The latest education news includes a reminder about today's school closing commission meeting at UIC, a Tribune's editorial about how mediocre Illinois schools are (via the Advance IL report I tweeted out over the weekend), and a Sun Times piece on teachers getting to do their own lesson plans now (a big applause line in the recent contract negotiations). Has the new freedom been as big (or bigger) a relief as anticipated, or changed the mood or quality at your school (for better or worse)?
Consistently mediocre Tribune (editorial): Any kid trudging home to deliver a lackluster report card knows the first question from a parent: How will you do better next time? That's the question every teacher, principal and administrator in this state needs to answer.
Lessons Learned: CPS teachers now better tailor education plans for students Sun Times: Mr. Erik Young could try to explain the difficulties of urban migration to his AP Human Geography class. But what if he let Stevie Wonder do it? “Living for the City” popped into Young’s head once as a catchy way to introduce the complexities of mass migration of rural Americans to cities to his students at King College Prep High School. And now it’s part of a lesson.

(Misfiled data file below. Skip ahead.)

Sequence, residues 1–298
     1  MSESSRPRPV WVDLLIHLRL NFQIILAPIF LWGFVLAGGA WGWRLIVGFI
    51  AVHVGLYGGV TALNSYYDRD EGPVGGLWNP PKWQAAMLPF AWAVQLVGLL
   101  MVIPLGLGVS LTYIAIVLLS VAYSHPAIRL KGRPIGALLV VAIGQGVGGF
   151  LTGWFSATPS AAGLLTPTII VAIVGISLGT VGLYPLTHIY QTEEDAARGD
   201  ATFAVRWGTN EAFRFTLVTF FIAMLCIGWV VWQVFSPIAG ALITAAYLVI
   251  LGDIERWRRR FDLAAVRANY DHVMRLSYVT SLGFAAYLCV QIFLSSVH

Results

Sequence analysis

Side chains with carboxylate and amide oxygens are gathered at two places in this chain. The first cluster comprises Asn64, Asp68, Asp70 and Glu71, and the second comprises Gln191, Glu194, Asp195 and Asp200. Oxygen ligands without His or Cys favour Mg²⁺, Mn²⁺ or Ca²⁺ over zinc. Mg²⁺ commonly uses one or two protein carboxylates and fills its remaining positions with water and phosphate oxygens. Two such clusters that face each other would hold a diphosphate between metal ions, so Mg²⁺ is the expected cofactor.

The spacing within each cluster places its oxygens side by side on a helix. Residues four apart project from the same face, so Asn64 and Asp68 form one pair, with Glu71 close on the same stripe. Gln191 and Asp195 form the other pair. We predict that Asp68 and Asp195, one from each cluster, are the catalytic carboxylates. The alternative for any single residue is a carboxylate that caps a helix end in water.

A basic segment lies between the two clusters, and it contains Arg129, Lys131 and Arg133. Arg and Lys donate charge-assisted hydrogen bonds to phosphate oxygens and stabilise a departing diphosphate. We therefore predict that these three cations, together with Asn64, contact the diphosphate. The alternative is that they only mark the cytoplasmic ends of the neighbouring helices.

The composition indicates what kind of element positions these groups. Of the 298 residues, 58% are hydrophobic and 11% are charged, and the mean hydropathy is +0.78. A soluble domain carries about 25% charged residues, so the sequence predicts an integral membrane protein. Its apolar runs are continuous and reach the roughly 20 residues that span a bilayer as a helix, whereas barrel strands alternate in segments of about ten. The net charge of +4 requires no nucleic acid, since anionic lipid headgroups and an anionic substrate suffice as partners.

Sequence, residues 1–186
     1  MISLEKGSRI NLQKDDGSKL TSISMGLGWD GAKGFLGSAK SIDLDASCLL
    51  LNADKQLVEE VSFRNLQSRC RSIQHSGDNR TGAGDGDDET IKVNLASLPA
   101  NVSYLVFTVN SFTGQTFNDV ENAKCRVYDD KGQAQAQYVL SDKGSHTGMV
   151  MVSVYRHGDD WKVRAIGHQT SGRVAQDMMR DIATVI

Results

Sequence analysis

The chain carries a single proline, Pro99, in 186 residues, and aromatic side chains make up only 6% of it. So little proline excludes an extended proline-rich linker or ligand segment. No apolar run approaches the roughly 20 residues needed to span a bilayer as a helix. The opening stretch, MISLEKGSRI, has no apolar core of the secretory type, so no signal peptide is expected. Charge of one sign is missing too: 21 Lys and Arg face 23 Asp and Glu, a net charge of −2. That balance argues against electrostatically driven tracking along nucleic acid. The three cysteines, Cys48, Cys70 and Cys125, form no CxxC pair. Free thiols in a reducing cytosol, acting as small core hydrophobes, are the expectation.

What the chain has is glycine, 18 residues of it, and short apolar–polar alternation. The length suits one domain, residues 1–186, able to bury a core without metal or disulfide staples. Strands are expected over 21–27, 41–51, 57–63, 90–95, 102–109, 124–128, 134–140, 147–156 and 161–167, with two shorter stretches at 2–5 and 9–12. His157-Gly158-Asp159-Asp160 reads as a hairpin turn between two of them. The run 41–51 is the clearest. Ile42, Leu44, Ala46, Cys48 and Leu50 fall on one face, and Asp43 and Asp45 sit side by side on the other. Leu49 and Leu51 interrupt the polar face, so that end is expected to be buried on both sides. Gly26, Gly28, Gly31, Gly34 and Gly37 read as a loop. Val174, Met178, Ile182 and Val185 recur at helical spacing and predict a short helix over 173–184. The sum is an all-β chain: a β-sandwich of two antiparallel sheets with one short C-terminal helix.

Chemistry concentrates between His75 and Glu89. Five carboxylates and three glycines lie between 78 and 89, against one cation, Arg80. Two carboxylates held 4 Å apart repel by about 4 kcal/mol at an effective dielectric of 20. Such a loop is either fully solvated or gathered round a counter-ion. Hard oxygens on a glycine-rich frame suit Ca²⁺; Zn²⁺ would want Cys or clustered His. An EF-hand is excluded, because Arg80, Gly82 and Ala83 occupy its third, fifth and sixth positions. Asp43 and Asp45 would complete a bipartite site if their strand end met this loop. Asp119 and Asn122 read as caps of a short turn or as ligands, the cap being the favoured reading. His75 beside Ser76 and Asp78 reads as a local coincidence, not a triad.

CPS commission on school closings to meet Monday at UIC Sun Times: The new Chicago Public Schools Commission on School Utilization looking at closing some city schools plans to meet Monday at the University of Illinois at Chicago. The group does not plan to take public input at the “data-gathering session” from 1 p.m. to 3 p.m. at the UIC Forum, 725 W. Roosevelt Road, though the public is welcome to attend. CPS officials already have heard from aldermen last week upset about the prospect of massive school closings amid an expected charter school expansion. The school district plans to ask the General Assembly to push back the Dec. 1 deadline for …
Mentor program rehabs cars, as well as young men’s lives Sun Times: Bent over a grinder, wrestling paint from the body of an ancient auto, the young men appear frozen, their goggled eyes lasered on the movement of screeching metal-on-metal that is spewing sparks like fireworks. Preaching to them was Kenneth Trotter — because although he was talking about removing old paint and rust, he was preaching, really — for the idea of restoration applied to this group of teens and 20-somethings just as much as to the hot rods in the shop.
See You Thursday Night? Tim Furman: I personally left teaching because of the culture of testing--- I've never talked to anyone whom I would regard as an inspiring teacher who feels that standardized testing is worth all of the damage it does. But it's very popular with other people who have no day-to-day relationship to the actual teaching of actual kids.